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Salivary gland disorders

Medically reviewed by Last updated on Mar 15, 2023.

What are Salivary gland disorders?

Harvard Health Publishing

The salivary glands make saliva and release it into the mouth.

There are three pairs of relatively large, major salivary glands:

Salivary gland disorders

In addition to these major glands, 600 to 1,000 very tiny, minor salivary glands are scattered throughout the mouth and throat. They are located under the moist skin that lines the

Some of the most common salivary gland disorders include:

Some stones sit inside the gland without causing any symptoms. In other cases, a stone blocks the gland's duct, either partially or completely. When this happens, the gland typically is painful and swollen, and saliva flow is partially or completely blocked. This can be followed by an infection called sialadenitis.

Without proper treatment, sialadenitis can develop into a severe infection, especially in people who are debilitated or elderly.

Most people with this disease are women who first develop symptoms during middle age. In about half of cases, the illness occurs together with rheumatoid arthritis, systemic lupus erythematosus (lupus), scleroderma or polymyositis.


Symptoms vary, depending on the specific type of salivary gland disorder:

These symptoms are followed by swelling in the parotid glands, usually on both sides of the face. It may difficult to fully open the mouth.


You will describe your symptoms. The doctor will review your

The doctor also may ask whether you

Next, your doctor will examine your head and neck, including the area inside your mouth. The doctor will press gently on areas of your cheeks to feel for swelling of the parotid gland. He or she also will feel under your jaw for enlarged salivary glands. Tell your doctor if there is any tenderness during the exam.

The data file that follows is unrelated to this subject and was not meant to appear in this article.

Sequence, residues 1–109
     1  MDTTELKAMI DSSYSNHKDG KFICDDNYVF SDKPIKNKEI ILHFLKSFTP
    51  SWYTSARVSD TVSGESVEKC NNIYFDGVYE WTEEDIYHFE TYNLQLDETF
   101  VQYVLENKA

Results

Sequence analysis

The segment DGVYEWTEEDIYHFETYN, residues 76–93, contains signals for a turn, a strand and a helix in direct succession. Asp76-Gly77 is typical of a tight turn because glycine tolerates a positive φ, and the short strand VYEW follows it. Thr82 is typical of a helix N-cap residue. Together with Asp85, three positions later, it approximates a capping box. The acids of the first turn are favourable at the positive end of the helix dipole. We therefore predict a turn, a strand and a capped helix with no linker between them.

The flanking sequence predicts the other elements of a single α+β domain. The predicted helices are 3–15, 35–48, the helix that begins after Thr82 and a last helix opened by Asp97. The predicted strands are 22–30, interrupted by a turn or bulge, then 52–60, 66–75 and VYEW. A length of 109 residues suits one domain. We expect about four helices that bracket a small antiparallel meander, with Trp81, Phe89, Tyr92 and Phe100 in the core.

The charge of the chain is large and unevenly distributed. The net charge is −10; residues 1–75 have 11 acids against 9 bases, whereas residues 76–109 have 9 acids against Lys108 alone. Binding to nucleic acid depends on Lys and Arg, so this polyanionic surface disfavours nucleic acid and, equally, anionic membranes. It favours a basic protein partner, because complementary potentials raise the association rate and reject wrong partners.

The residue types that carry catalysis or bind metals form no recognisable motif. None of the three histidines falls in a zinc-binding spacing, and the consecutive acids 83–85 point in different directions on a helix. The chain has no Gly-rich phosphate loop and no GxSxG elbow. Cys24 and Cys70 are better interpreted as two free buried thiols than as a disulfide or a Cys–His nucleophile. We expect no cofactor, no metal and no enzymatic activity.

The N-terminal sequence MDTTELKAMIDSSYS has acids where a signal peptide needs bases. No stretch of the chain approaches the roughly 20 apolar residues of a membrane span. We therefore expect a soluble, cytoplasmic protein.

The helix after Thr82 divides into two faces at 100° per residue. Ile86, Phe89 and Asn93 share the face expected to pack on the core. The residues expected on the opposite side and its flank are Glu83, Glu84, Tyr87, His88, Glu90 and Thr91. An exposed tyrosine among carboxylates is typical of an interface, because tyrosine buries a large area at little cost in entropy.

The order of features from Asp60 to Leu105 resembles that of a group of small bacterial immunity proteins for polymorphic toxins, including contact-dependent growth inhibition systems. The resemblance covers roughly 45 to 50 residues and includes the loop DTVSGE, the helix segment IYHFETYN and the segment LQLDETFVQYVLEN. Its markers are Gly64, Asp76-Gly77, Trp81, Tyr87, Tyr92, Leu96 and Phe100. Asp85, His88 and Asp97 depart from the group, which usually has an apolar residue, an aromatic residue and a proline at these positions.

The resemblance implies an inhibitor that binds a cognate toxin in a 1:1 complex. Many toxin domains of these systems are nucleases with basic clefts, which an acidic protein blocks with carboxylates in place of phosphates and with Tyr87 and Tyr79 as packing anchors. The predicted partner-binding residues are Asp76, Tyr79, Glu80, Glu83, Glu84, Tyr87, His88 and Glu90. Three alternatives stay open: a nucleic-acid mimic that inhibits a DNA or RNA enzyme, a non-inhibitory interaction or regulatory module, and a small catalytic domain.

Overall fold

Depending on your symptoms, history and physical findings, the doctor may order one or more of the following tests:

Expected duration

How long a salivary gland problem lasts depends on the specific disorder.


You can lower your risk of viral infections of the salivary glands. To do so, get immunized against mumps and influenza.

There are no specific guidelines to protect against other types of salivary gland disorders. However, it is helpful to


The treatment varies, depending on the disorder:

If these methods do not cure the infection, surgery can drain the gland.

Good oral hygiene is a must. People with Sjogren's have teeth and gum problems because of low saliva secretion.

When to call a professional

Contact your doctor or dentist if you develop a persistent lump or swelling anywhere in your neck, jaw, cheek, tongue or hard palate.

Call your doctor or dentist immediately if the lump


The outlook depends on the disorder:

Additional info

National Institute of Dental and Craniofacial Research
National Institutes of Health

American Academy of Otolaryngology – Head and Neck Surgery

American Association of Oral & Maxillofacial Surgeons

Sjogren's Syndrome Foundation

National Cancer Institute (NCI)
U.S. National Institutes of Health

American Cancer Society (ACS)

Further information

Always consult your healthcare provider to ensure the information displayed on this page applies to your personal circumstances.